In the Middle-Ages, tradesmen and professionals gathered in guilds to exchange ideas and encourage a sense of community. For writers this practice can be likened to live readings. Eric D. Goodman’s Lit & Art is a particularly good venue to enjoin. Taking place just on the doorstep of the Watermark Art Gallery, Lit & Art is a draw for not just writers, but a variety of artists. The main event is centered on a panel of published authors who read their recent works aloud. These reading sections are supplemented by performances from guest musicians who serve as intermission entertainment. All of this occurs with a background of the brightly colored paintings of Manzar Rassouli, Watermark’s lead artist and director. This isn’t just some writer’s social club, but rather a forum for all the arts.
The writing exhibited often ranges in genre, including poetry and short fiction. Lit & Art is open to everyone and encourages visitors to present their own work; it’s a very inviting atmosphere. All of the feature writers on Sunday the 13th spoke very well, animating their stories with excitement and depth. The concept of reading is a key theme to note. For a writer, to read their work, and read it effectively, allows the audience to grasp the work in a very whole capacity. The audience can pick up on how the work should be interpreted, what characters may be like, and the emotional tension in a particular scene. In essence, author readings can help an audience step into the story without even looking at the text. A good reading can communicate comedy, action, and really help build a sense of scope for the story being read. A poor reading can seem like a dull strand of words just pushed together. It’s a daunting task, but I’ve discovered that great delivery lies in simply letting the story tell itself.
A particularly stirring performance came from author, Tom Glenn. Glenn’s work has appeared in several publications including the Baltimore Post Examiner and his latest novel, No–Accounts, which shall be published by Apprentice House next year. He often attends and contributes to Lit & Art. Glenn began with a black and white photograph projected on cloth-screen and a phrase in Vietnamese. The room was then totally silent, taken. In the space of ten-twelve minutes, Glenn had taken us to the chaotic fall of Saigon during the last moments of the Vietnam War. It was storytelling that carried the weight of experience. His voice, even his body, became a testament to the chaos, fear, and courage of those days of war. Unwavering and yet equally passionate, Glenn told of his role as an intelligence operative in Saigon. He did not self-praise, nor did he attempt to glorify war or any agenda, but he did honor the bravery of men risking their lives for others in wartime. His descriptions were as capturing as the photographs that were displayed throughout his presentation, vivid. To call this mere entertainment would be unjust; Glenn’s reading was a powerful example of the potential of words and writing. It was a story that needed to be told, yet would not have been had Glenn’s work overseas remained classified. You can read the detailed account of Tom Glenn’s experience during the fall of Saigon at the Baltimore Post-Examiner online.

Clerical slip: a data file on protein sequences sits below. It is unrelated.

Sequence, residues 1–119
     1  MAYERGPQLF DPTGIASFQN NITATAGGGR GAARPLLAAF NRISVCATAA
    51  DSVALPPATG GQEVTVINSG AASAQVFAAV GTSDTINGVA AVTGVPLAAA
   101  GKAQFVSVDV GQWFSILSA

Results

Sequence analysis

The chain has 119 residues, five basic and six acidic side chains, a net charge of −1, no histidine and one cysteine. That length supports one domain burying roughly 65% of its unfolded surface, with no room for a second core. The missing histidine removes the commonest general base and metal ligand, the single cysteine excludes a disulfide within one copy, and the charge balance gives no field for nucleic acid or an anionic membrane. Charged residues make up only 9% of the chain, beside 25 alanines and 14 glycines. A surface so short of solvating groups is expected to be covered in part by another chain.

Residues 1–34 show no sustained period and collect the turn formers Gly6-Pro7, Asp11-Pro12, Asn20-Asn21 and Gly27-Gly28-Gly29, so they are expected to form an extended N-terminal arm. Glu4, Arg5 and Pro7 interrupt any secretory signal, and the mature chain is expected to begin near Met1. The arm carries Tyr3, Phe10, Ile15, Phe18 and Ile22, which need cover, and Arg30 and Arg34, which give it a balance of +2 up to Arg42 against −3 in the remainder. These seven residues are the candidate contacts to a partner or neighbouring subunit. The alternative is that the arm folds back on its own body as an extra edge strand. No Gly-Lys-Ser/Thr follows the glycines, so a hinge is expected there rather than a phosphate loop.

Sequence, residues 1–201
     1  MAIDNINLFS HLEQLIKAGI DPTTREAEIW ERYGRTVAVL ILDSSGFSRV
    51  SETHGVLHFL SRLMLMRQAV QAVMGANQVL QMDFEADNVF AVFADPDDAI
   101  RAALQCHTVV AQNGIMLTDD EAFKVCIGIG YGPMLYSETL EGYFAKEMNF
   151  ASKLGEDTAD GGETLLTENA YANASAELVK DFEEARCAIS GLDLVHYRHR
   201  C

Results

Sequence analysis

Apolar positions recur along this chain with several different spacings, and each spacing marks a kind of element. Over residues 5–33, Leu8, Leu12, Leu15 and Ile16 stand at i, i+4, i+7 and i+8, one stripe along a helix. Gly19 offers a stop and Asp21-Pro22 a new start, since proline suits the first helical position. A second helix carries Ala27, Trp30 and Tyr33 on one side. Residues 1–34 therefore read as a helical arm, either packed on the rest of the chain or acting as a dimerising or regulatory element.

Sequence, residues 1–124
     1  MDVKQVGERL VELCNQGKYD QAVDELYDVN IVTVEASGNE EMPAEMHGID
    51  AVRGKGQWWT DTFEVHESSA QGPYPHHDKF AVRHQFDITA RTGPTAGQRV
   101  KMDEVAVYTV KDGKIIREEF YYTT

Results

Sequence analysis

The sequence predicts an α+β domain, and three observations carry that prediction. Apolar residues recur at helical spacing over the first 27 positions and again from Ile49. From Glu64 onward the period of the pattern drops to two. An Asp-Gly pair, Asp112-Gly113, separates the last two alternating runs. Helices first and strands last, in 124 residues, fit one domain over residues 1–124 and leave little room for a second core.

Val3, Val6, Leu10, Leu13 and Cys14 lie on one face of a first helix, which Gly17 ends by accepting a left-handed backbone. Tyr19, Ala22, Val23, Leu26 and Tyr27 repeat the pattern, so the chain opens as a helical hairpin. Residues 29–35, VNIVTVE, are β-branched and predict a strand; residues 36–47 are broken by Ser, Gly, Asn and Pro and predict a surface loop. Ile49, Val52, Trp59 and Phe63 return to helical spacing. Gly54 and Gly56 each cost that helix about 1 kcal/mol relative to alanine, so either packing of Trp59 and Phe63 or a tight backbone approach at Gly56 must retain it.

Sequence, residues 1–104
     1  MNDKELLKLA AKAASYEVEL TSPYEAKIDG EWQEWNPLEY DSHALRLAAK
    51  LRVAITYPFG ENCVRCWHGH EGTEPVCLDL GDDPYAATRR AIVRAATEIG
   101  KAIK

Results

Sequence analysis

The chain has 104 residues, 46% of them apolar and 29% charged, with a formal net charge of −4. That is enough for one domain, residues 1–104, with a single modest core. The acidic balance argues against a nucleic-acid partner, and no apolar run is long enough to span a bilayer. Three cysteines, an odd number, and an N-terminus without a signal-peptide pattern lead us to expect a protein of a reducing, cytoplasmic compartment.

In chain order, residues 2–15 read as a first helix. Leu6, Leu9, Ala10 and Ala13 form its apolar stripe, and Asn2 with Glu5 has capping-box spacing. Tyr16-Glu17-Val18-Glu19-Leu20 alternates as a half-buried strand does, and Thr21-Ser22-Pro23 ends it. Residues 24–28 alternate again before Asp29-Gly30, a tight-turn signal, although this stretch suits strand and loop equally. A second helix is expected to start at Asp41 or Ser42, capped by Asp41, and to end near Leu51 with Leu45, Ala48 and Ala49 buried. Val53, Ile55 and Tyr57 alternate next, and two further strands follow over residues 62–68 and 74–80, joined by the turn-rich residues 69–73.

Supplementing the readings was Manzar’s presentation of her latest artwork which embodied the theme of the third-eye and women’s perspective. Rich with a bright color scheme and finely painted figures, her Persian style artwork added an element of splendor to the backdrop of our event. Our musical guests also gave an excellent performance. Our musicians included writer Madison Smartt Bell and Bill U’ren who gave a “minnie concert” exhibiting some blues/rock style music. Many of the selections were new songs, but Bell also had two albums of some of older works for sale after the venue. I bought the album, Forty Words For Fear, myself.
The next Lit & Art event is on Jan 6, 2014. Come listen and share. If you are a writer and are gripped with trepidation at the thought of reading your work in front of an audience, don’t be. While this is natural, remember that writing is more natural to you. It comes from you, the writer. Let this thought guide your words and you’ll be fine. Be bold and consider taking a step outside to discover new stories, and perhaps share your own.